18. Caitlyn says:

    My fiance and I are vegetarians and plan to raise our kids this way. A ton of food is already vegetarian or easily made that way. Not sure if you are looking to cook only vegetarian foods or if you are trying to accommodate both Nico and Mikey. I’d probably recommend cooking mostly vegetarian meals, but having a few meals that have meat option. Homemade pizza is great because Nico can have his pineapple and onion, while Mikey gets his meat on. Almost all Mexican dishes can be made with just beans + veggies – tacos, fajitas, enchiladas, burritos, etc. Not sure if Nico eats eggs, but if so, breakfast for dinner is always yummy (if he is primarily concerned about animal welfare, perhaps free range eggs would be a good compromise, if your family is willing/able to get them) – waffles/pancakes are good options if eggs are a no-go. Tons of pasta dishes – I usually throw some spinach/broccoli in creamy sauces or eggplant/mushrooms/peppers and onions in red sauces – this adds protein as well as veggie nutrients. Sometimes when I’m craving meat, I will throw some veggie crumbles (i.e. fake ground beef) in spaghetti sauce or use taco seasoning to make traditional Americanized “beef” tacos. I know veggie meat isn’t for everyone, but those are the two applications that you can barely tell the difference. As others have said above, Indian and Asian foods also offer a ton of vegetarian recipes. Burgers are another good option for when Mikey wants meat – it’s pretty easy to serve both veggie burgers and real burgers (I prefer Gardenburgers Original or Morningstar Black Bean – neither is trying to be meat, they are just yummy veggie/bean patties – of course there are also a ton of recipes to make your own if you are trying to stay away from packaged foods). Sandwiches can be tough when you don’t eat meat – but powerhouses are great (basically hummus and your choice of veggies – cucumbers, tomatoes, red onion, lettuce, sprouts are my favorites, but you can find a lot of other ideas/suggestions online).
    One last recipe (for this super long comment) – I make a veggie chili that is amazing and even meat eaters love it – start with a chopped onion, green/red pepper, and a few cloves of garlic, add a can of black beans, red kidney beans, pinto beans (I don’t usually drain them as the juice evaporates, but if you are worried about sodium, you can rinse them and just add a bit of water/veggie broth), a can of diced tomatoes, tomato paste, about a cup of corn (I use frozen), then add cumin, red pepper, cayenne to taste (I usually do a couple tablespoons of cumin because I love the stuff, and just a little bit of the peppers, but I don’t measure anything). If you make it on the stove, it’s usually done in about 45 mins. – in the slow cooker, on low, it can go for a few hours.
    Yay Nico! You can do it! Passing up pot roast really is impressive! FYI, if he’s still going strong come November, Thanksgiving will be tough, but if it’s at someone else’s house, I’d highly recommend bringing a main dish for him – I usually do a big mac and cheese for the whole table (and it’s always popular with meat-eaters and veggies alike), but if cheese is out, I’m sure you can come up with something he loves to make it easier on him. Good luck!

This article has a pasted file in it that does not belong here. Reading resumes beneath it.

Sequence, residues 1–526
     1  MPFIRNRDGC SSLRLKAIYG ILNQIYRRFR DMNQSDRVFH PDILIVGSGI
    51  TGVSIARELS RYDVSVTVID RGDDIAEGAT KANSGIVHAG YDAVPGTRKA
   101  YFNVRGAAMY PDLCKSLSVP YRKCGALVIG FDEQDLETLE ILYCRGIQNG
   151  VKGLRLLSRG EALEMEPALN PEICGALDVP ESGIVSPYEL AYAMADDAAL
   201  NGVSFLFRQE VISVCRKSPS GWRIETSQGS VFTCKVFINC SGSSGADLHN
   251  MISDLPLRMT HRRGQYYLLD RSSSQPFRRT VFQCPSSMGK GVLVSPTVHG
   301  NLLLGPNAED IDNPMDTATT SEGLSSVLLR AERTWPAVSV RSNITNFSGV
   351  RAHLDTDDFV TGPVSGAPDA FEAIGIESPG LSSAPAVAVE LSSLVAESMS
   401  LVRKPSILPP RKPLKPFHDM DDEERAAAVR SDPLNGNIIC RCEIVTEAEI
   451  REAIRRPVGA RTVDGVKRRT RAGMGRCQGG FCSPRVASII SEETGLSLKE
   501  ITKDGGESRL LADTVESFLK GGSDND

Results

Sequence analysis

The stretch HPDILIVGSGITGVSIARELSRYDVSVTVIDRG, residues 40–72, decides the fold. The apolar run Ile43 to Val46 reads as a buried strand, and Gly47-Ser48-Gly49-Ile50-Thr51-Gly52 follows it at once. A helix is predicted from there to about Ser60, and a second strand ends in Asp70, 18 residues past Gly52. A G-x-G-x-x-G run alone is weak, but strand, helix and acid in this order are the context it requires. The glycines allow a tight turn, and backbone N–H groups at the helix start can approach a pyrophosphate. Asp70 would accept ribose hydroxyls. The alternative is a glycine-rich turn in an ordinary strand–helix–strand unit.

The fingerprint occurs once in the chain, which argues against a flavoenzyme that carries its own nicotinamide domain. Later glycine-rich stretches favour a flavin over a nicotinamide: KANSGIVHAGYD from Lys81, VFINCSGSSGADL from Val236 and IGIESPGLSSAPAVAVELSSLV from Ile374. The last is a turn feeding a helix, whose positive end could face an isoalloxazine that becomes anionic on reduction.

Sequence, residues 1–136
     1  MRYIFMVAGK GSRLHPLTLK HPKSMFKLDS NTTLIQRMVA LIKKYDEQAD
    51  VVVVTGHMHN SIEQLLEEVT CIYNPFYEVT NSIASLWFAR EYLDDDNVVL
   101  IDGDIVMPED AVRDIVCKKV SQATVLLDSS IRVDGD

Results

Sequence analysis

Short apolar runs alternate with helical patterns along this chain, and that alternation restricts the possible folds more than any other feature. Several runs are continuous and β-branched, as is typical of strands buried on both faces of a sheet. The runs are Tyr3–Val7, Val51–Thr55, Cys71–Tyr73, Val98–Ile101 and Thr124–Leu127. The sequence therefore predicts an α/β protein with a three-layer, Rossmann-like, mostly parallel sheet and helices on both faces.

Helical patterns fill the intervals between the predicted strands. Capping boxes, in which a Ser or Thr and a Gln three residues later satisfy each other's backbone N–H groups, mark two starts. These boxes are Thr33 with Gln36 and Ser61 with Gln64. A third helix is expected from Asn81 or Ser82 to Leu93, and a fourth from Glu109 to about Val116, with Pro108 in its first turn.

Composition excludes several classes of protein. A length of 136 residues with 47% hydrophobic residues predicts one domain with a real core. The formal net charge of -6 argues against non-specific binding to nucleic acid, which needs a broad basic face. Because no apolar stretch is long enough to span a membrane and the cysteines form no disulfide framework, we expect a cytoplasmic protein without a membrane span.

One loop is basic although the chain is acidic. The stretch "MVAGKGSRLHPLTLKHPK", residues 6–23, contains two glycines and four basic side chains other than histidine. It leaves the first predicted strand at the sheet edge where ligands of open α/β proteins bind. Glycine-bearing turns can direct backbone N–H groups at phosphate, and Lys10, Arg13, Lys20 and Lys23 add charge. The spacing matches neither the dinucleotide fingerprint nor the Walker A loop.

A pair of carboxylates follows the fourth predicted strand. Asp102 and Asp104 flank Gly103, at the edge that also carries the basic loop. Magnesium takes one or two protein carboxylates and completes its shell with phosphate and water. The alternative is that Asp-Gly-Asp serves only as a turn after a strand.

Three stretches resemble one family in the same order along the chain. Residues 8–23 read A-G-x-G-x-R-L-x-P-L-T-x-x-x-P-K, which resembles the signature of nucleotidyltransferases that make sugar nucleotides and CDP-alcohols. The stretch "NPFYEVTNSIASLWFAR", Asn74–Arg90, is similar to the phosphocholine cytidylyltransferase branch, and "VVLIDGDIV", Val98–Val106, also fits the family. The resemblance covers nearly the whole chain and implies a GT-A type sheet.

19. Lauren says:

    My vegetarians are much older and much younger (my husband and my almost-2-year old), but we’ve found a lot of good recipes at http://weelicious.com/ We do tend to eat a lot of cheese (my toddler and I have picnic lunches that are basically fresh mozzarella, cherry tomatoes, baby carrots, and sliced bell peppers, yum), and I make sure we’re having dark greens (broccoli, spinach, kale, etc) at least 4-5 times a week for the nutrients. Depending on how you feel, you may want to try to find vegetarian versions of your favorite family recipes so you can all eat the same thing a few nights a week. For us, it was a nice stepping stone.

  20. Lisa says:

    We are down to eating meat once or twice a week. In fact, we eat meat on Mondays, in direct contravention to Meatless Monday, for the simple reason that I go grocery shopping on Sundays and thus the one piece of meat I bought is freshest on Mondays. But the rest of the week is usually meatless or meat is an small add-in to the main meal, with the exception of the occasional bbq with hamburgers on Saturdays.

    I also struggle with the feeding of multiple needs for different people–between insulin resistance, lactose intolerance and multiple food allergies, I need a Venn diagram to make dinner. I make a lot of “deconstructed” dinners, where there’s a lot on the table and everyone can pick what they want to add. For example, I make a lentil minestrone soup that is just veggies and lentils, and on the side I serve rice or pasta and sausage and kale and cheese. The kids can bulk up the soup with pasta, the insulin resistant one can skip the rice but add sausage and kale, everyone but me can add cheese, etc.

    I substitute lentils for meat in a lot of dishes. We eat lentil tacos frequently–boil up some lentils, then toss in some refried beans and a packet of taco seasoning and voila, meatless tacos. My kids do not appreciate the relentless pushing of lentils (I keep saying “clearly you just haven’t tasted them enough times to like them! Maybe this time is the one!”), and I make sure there is at least two different kinds of fruit on the table and one other side that they do like.